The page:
The next paper, a systematic review and meta analysis, compared traditional strength training to “drop set” training. When performing drop sets, the subject lifts a weight to volitional failure once, then slightly decreases the weight, and lifts to failure again. 

Result: Muscle gains were equal with both forms of strength training, but drop sets took 33% to 50% less total time. Thus, “Drop sets present an efficient strategy for maximizing skeletal muscle hypertrophy.” More at Sports Medicine Open with free full text.

The Sex Debate: Who’s Better In Ultra Endurance Races?

The sexiest question in running is literally the sex question. Are females catching males in endurance performance, particularly in ultra-endurance?

The discussion was first broached in a 1992 “Scientific Correspondence” in Nature (with free full text.) The authors pulled together a few data points to show that women marathoners would likely catch their male counterparts in 1998, and soon surpass them.

Well, no, that didn’t happen. But a lot has changed in running, particularly women’s running, over the last 30 years. So where does the male-female sex difference stand in 2024?

If we look at the sex difference between the current world marathon records (2:00:35 and 2:11:53), we see that it stands at 9.4%. That’s close to the 10% gap that has long separated male runners from female runners. 

However, these real-world comparisons face a significant problem: There are far fewer women than men in ultra races, usually just 10 to 30% of the total field. This tilts the scales of fairness, so to speak. Things might be different if females made up 50% of all ultra runners.

That’s an issue that researcher and ultra-runner Nick Tiller tried to answer in a recent journal paper and online article. Tiller’s a “skeptical scientist” and book author, as well as a columnist at Ultrarunning Magazine, so his ideas carry substantial weight.

Tiller began by digging into ultra-running race results until he found two events with essentially equal numbers of male and female finishers. His subsequent analysis produced both an academic paper at Applied Physiology, Nutrition, and Metabolism and a lengthy column titled “Are Women Closing The Gap?” at Ultrarunning.

What did Tiller find? In a 50-mile race, there was no significant overall finish-time difference between the sexes, but the top-10 males were much faster than the top-10 females.

In a longer race,100 miles, there were no significant differences in either analysis: overall, or top-10. Conclusion: “The sex-based performance discrepancy shrinks to 1-3% in ultramarathons when males and females compete in comparable numbers.”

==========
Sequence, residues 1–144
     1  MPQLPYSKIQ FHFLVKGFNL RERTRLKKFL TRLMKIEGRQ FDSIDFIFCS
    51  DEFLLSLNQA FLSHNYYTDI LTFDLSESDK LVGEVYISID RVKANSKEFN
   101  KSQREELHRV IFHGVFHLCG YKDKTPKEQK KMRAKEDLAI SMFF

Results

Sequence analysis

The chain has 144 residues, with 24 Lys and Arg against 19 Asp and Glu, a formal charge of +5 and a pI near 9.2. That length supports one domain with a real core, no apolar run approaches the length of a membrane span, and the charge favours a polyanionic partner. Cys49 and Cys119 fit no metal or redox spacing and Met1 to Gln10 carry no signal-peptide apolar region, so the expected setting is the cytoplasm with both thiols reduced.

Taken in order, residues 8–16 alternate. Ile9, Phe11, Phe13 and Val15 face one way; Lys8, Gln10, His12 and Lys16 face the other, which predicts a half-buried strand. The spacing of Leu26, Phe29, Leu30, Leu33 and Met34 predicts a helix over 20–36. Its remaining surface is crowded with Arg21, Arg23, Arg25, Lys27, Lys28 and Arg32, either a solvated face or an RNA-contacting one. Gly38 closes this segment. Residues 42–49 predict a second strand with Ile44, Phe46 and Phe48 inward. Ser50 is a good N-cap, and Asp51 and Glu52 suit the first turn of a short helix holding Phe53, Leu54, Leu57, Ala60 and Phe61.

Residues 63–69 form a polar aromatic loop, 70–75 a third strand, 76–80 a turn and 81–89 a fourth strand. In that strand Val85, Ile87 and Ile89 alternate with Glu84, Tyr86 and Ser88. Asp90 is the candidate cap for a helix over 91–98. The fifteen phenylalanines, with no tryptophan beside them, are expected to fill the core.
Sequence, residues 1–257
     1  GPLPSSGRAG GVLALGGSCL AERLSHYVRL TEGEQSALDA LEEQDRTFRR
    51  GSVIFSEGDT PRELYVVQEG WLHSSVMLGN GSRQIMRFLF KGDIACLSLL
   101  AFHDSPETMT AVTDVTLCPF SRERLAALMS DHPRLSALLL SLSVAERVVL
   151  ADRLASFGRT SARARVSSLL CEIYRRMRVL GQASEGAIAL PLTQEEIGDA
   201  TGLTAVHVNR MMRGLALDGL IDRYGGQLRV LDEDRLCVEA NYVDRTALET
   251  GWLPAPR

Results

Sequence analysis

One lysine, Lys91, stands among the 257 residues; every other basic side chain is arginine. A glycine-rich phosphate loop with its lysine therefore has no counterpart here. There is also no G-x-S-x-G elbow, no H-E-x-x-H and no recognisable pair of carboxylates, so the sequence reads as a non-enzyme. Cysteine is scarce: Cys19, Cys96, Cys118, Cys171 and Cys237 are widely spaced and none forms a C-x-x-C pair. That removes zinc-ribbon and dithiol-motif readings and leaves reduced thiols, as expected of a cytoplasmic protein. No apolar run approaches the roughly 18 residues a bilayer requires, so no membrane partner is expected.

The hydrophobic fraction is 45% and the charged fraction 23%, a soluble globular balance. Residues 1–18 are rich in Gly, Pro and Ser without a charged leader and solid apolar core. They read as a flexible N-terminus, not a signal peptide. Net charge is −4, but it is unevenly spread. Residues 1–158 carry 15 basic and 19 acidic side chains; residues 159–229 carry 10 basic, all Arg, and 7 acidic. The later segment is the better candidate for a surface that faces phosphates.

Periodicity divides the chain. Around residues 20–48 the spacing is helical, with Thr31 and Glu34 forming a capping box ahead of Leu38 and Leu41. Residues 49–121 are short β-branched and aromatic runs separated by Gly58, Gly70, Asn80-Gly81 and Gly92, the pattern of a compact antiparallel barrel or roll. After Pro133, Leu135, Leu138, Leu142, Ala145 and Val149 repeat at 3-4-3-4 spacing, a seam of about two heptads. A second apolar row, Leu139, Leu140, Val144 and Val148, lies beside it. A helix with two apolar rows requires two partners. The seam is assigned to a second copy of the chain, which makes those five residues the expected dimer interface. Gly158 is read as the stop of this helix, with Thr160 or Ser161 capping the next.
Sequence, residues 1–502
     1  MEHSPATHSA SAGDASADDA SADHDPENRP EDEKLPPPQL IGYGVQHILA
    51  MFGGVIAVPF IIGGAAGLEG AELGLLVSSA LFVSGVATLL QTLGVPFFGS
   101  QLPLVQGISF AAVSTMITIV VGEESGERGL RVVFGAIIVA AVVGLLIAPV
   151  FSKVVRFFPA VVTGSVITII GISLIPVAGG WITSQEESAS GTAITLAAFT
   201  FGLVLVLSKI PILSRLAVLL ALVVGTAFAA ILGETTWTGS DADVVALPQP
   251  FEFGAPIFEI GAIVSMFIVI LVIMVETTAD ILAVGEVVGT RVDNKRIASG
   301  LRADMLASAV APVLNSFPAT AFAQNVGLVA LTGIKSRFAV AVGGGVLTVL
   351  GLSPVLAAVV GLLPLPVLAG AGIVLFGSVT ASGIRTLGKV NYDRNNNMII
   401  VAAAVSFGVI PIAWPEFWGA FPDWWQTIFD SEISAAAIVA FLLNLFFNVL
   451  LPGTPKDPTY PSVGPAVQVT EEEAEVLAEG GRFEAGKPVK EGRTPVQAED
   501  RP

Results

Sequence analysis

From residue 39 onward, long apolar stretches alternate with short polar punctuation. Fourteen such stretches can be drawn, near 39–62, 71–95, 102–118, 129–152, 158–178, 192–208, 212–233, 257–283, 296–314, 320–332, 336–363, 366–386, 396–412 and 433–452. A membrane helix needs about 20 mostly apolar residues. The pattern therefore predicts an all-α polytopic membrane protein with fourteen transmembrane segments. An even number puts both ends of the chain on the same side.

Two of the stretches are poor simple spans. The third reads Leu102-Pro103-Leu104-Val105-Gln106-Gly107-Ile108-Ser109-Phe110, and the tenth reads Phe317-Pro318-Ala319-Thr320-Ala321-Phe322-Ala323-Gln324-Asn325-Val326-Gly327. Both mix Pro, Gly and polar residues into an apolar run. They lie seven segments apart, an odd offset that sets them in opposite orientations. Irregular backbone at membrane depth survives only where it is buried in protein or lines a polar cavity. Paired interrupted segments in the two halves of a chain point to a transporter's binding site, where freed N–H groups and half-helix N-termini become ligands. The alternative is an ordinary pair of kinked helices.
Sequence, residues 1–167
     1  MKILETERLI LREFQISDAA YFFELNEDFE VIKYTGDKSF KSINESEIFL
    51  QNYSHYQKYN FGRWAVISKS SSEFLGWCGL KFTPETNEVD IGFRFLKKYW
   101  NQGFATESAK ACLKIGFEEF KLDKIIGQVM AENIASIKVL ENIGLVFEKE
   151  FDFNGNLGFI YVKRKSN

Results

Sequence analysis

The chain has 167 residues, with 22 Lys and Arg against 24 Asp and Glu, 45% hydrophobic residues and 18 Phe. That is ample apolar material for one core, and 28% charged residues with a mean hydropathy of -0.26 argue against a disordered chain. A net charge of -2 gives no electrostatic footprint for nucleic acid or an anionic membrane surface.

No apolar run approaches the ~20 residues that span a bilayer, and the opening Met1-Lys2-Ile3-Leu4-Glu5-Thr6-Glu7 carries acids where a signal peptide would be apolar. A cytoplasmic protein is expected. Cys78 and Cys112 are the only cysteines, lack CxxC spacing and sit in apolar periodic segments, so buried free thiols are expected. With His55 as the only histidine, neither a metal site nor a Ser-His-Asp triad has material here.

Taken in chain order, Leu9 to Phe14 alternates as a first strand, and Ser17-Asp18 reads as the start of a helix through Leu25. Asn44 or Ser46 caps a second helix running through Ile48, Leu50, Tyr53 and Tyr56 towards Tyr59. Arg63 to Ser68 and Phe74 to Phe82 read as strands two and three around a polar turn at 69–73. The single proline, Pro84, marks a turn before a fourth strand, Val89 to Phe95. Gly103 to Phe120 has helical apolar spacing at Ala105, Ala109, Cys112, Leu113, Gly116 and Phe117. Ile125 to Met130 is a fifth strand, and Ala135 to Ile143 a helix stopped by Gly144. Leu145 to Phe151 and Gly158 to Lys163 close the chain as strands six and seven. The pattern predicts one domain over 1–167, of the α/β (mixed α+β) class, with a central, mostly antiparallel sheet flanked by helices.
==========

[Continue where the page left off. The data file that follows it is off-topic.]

If that number holds up, it’s a lot less than 10%, and lends credence to the female-endurance hypothesis. For social-cultural reasons, women were slower than men to begin entering traditional road races, 5K to marathon. But now they have mostly caught up. 

The ultra world lagged still farther behind. It was once seen as the province of strong, testosterone-driven men. That too is changing rapidly. As the change accelerates, we’ll learn more about the sexy subject of sex and endurance performance. 

SHORT STUFF You Don’t Want To Miss

>>> Build more bone: How to use cardio exercise, strength training, and balance to improve your bone health 

HERE’S WHAT ELSE YOU WOULD HAVE RECEIVED this week if you were a subscriber to the complete, full-text edition of “Run Long, Run Healthy.” Why not give it a try? SUBSCRIBE HERE.  

# Super shoe secrets: How to find the best super shoe for you

# Don’t get bushwhacked by these running myths

# How CPR saved a veteran marathoner’s life

# Healthy (Exercising) Pregnant Mother = Obesity-Proof Baby

# The Step-Up Solution: Build More Speed & Hill-Running Power

# Back on track: How to limit low back pain while running

# The making of champions: Roger Federer and Katie Ledecky

# A great quote from Mahatma Gandhi on the importance of will power.

DON’T FORGET: I spend hours searching the Internet for the best, most authoritative new running articles, so you can review them in minutes.

That’s all for now. Thanks for reading. RLRH will not be published next week. You’ll receive  your next newsletter on July 11, 2024.  Amby